If you bought the gifts in the holiday
classic, “The Twelve Days of Christmas,” it would cost a record $27,393,
according to the 30th annual PNC Christmas Price Index. Few have a
budget for all those birds and performers, but ‘tis the season to get carried
away. PNC’s Joseph M. Jennings, Jr., CFA, senior vice president and investment
director of Wealth Management offers these Five Golden Rules so you don’t
overstuff the stockings – or your budget:
1. Be choosy: Identify your special
partridge and pare down your list to those you’re actually close to. Don’t
guilt-buy for those far-away relatives who will re-gift your tacky present
anyways. If you can’t resist, create a funny e-card for free.
2. Create a budget: Don’t be one of the
geese who lays a spending egg. Once you know who you’re buying for, decide how
much you will spend per person. If $15 is all you can afford per person, then
spend $15 – not $17 or $20. If that seems a bit Scrooge-like, tell your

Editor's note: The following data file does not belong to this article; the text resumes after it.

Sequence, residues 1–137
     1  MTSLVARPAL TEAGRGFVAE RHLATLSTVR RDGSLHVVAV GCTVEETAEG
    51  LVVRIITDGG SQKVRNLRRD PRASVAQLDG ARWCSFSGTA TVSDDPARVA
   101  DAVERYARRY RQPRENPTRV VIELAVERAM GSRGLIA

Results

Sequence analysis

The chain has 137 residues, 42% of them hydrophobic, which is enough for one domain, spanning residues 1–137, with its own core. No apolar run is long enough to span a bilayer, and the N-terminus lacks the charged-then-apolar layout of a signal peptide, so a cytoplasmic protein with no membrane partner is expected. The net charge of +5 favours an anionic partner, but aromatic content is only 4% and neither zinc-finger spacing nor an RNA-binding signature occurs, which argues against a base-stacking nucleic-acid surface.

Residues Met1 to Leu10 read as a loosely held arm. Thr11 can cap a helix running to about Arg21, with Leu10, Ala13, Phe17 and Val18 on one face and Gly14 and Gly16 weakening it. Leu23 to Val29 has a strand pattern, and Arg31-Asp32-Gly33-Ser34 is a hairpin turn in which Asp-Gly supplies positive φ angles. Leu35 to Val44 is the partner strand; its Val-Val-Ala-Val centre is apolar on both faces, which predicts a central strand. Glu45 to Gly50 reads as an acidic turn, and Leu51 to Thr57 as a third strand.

friends/family to set the same limits for you. Take advantage of online
budgeting tools to set limits with text or email alerts to warn you.
3. Find the bargains: Be surfing while the
swans are a swimming. Look for coupons and Groupons. When it comes to online
shopping, there’s a cost for convenience. PNC calculates the online cost of the
“The Twelve Days of Christmas” gifts is $39,762, which is 45 percent over the
in-person approach. But you can save by watching for free shipping offers and
no-hassle returns plus there’s Cyber Monday deals and Free Shipping Day on Dec.
4. Get crafty: Handy drummers are
drumming up their own gifts. Whip up a few dozen batches of your special
cookies, cake pops or brownies, package in pretty baskets with a bow and call
it a day. Who on your list wouldn’t love a homemade treat over a store-bought
5. Pay smartly: Like the maids, milk the most out of your money. Pre-paid cards mean you only spend a set amount and are perfect for kids to learn how to buy for others and stay on budget. Cash in on your credit card reward points to buy gifts. When using credit, make sure you have a plan to pay off your balance. For online payments, look for security or privacy seals first before submitting information. The payment page should have a lock icon and the address should start with “https”.